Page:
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Luxury Brands Are Neglecting Some of Their Most Important Customers. Why?

Chinese men account for almost a third of all mainland luxury sales yet brands continue to invest disproportionately in marketing to Chinese women. And when brands do target male consumers the focus is often wrong.
Louis Vuitton Autumn/ Winter 2020 | Source: INDIGITAL.TV
  • Casey Hall

SHANGHAI, China — This week, Louis Vuitton launched a men's collection far from its Paris base. Instead, it was unveiled in a major catwalk show in Shanghai's artsy West Bund district, with a thousand invitees on hand to see not only the Spring/Summer 2021 collection from Artistic Director Virgil Abloh, but also a re-run of the label's Fall/Winter 2020 outing.

Having a thousand people come together — in person — to attend a fashion show seems an almost unimaginable luxury right now but, in Shanghai, where there has been no reported community transmission of Covid-19 for many months, large-scale fashion events have been back in business since mid-summer.

In a nod to how ready Chinese consumers are to embrace luxury fashion after being robbed of summer shopping sprees in Europe, these events have proven incredibly popular, with the city's fashion-forward crowd flocking to brand launches and exhibitions. (The livestream of the Louis Vuitton show clocked up about 85 million views, according to the brand). This is good news for luxury brands, who are more reliant on China's domestic spend than ever.

This new generation of Chinese male consumers is… the next battleground.

China's luxury consumers are a lifeline for brands, and men make up a significant portion of that customer base, especially for leading brands such as Louis Vuitton and Dior, which have ridden a global wave of streetwear popularity in recent years to invigorate their respective men's offerings under the creative direction of Virgil Abloh at Vuitton and Kim Jones at Dior.


Most Brands Need to Catch Up with a Few Menswear Leaders

"I foresee this being a milestone event for the Chinese market," said Dan Cui, formerly the fashion director of GQ China and editor-in-chief of the local edition of GQ Style, who now oversees a fashion brand consultancy he called Caius. China is not only the biggest overall luxury market but also the biggest men's luxury market in the world.

“Louis Vuitton does not need brand awareness building in China, but it does need to [show its male customers in China] that it’s bringing something new [and that] it’s changing [as the customers are changing]. This is especially significant during the pandemic period,” he added.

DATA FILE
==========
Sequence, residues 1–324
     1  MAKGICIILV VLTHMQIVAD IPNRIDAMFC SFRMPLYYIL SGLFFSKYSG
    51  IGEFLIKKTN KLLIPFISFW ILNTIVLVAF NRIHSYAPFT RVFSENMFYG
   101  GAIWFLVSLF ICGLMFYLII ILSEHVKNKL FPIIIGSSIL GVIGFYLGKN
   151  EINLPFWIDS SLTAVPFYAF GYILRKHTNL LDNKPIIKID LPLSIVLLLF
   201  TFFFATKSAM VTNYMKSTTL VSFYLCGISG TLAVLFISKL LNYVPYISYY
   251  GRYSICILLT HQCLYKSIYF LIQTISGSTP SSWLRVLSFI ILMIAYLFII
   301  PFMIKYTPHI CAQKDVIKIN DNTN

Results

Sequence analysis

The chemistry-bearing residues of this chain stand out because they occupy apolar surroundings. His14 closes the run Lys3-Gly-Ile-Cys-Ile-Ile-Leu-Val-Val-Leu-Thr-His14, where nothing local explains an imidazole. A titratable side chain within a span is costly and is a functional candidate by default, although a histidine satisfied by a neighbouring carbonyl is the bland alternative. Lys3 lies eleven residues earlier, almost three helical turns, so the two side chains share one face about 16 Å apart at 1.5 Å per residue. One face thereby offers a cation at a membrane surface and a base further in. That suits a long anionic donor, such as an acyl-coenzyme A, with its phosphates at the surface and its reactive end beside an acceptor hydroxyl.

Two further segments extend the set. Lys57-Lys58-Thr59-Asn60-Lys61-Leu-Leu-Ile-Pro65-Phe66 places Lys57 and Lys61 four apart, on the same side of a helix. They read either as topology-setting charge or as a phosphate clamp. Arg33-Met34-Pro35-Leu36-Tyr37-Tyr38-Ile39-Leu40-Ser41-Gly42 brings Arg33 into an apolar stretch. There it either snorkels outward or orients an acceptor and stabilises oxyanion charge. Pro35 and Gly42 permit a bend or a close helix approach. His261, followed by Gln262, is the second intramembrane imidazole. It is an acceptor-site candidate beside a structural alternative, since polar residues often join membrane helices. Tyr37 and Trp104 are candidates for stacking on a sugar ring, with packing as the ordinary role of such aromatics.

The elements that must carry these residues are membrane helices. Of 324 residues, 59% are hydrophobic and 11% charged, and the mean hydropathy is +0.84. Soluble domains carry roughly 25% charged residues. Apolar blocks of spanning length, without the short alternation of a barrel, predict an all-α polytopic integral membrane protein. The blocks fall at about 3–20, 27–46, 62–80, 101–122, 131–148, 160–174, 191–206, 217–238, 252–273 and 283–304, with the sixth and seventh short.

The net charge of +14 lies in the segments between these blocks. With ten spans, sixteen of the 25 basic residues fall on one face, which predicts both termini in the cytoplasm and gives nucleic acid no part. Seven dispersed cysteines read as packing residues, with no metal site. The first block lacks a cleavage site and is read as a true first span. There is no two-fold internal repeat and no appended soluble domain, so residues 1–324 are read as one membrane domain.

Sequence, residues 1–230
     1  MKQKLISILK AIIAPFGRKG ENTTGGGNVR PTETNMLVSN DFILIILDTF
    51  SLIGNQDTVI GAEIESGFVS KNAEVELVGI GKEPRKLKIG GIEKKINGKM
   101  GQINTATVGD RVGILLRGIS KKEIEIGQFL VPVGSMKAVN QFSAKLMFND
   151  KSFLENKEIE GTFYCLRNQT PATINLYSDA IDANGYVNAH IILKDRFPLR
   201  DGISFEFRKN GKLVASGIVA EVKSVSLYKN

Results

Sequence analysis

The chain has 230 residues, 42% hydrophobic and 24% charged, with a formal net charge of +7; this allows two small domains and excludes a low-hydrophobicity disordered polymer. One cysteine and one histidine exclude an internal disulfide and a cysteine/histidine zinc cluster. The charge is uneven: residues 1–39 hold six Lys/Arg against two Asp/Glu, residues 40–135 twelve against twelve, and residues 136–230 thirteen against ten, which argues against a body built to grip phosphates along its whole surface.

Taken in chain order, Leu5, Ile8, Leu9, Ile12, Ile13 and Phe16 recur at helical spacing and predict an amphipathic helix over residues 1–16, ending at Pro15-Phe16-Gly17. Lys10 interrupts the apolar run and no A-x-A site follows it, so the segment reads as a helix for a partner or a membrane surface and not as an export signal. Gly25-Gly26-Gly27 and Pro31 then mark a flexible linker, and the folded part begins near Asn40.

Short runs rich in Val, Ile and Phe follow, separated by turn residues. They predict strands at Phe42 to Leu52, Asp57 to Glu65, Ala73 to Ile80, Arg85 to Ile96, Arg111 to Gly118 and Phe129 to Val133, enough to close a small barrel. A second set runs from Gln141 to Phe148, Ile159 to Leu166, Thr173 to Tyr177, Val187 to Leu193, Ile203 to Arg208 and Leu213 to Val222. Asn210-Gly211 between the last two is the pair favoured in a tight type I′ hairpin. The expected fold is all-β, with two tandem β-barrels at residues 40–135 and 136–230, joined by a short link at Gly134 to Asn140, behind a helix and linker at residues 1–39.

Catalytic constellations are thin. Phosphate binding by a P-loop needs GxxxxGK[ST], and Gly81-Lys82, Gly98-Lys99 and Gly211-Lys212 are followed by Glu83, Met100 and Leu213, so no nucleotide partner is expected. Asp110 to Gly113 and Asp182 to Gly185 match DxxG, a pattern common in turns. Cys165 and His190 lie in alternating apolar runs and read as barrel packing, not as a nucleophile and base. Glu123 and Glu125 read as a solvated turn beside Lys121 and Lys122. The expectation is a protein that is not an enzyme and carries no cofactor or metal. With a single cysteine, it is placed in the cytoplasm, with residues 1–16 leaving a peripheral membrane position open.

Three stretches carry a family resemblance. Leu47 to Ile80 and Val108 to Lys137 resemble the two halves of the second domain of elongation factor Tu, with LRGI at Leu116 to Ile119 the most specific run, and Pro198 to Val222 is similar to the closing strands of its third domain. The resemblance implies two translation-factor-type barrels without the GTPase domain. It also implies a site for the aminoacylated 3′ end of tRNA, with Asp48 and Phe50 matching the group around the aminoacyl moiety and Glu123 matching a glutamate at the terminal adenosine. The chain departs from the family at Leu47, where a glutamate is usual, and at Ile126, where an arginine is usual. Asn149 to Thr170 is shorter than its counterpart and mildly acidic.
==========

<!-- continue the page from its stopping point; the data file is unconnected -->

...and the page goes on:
Predictably, the invitation list of the Louis Vuitton show is light on international brand ambassadors, media and influencers, with travel bans keeping most guests from outside mainland China away. So, unlike many major fashion shows, the majority of seats at this runway will be filled by Chinese VICs [Very Important Customers], those who Louis Vuitton hopes will actually buy the pieces making their way down the catwalk.

Though male consumers have not garnered the same attention as their female counterparts, observers say that is changing, with major brands like Louis Vuitton putting a renewed focus on Chinese men post-pandemic. However, other luxury players are either not sufficiently focused or not moving fast enough.

“There has been a huge focus on women in recent years in line with the increased [consumer] sophistication and the rise of women’s empowerment. [But] today, we are certainly seeing signs of brands starting to play “catch up” [when it comes to] luxury menswear, [which] is gaining momentum as [Chinese] men begin to experiment more with fashion and self-expression,” explained Angelito Tan, chief executive of consultancy firm RTG Group Asia.

“We anticipate the sector to get more competitive as it heats up, with newcomers and a renewed focus on developing men’s lines at the leading houses. Marketing to this new generation of Chinese male consumers is the next opportunity and the next battleground for the years to come,” he added.

Although China’s luxury market was initially fuelled by men, women became the dominant luxury demographic by 2018, accounting for 71 percent of luxury purchases. However, this suggests that almost a third of luxury goods are still purchased by men.


To put that into context, Deloitte figures estimate Chinese consumers spent $145.7 billion on luxury products that year, which suggests the Chinese men’s luxury market was still valued at over $42 billion in 2018.

More broadly, menswear already accounts for almost half of the clothing industry’s total sales value in China, according to Daxue Consulting, a Chinese-focused market research and management consulting firm, and in recent years an increasing number of domestic leaders in the mass market segment have launched menswear lines.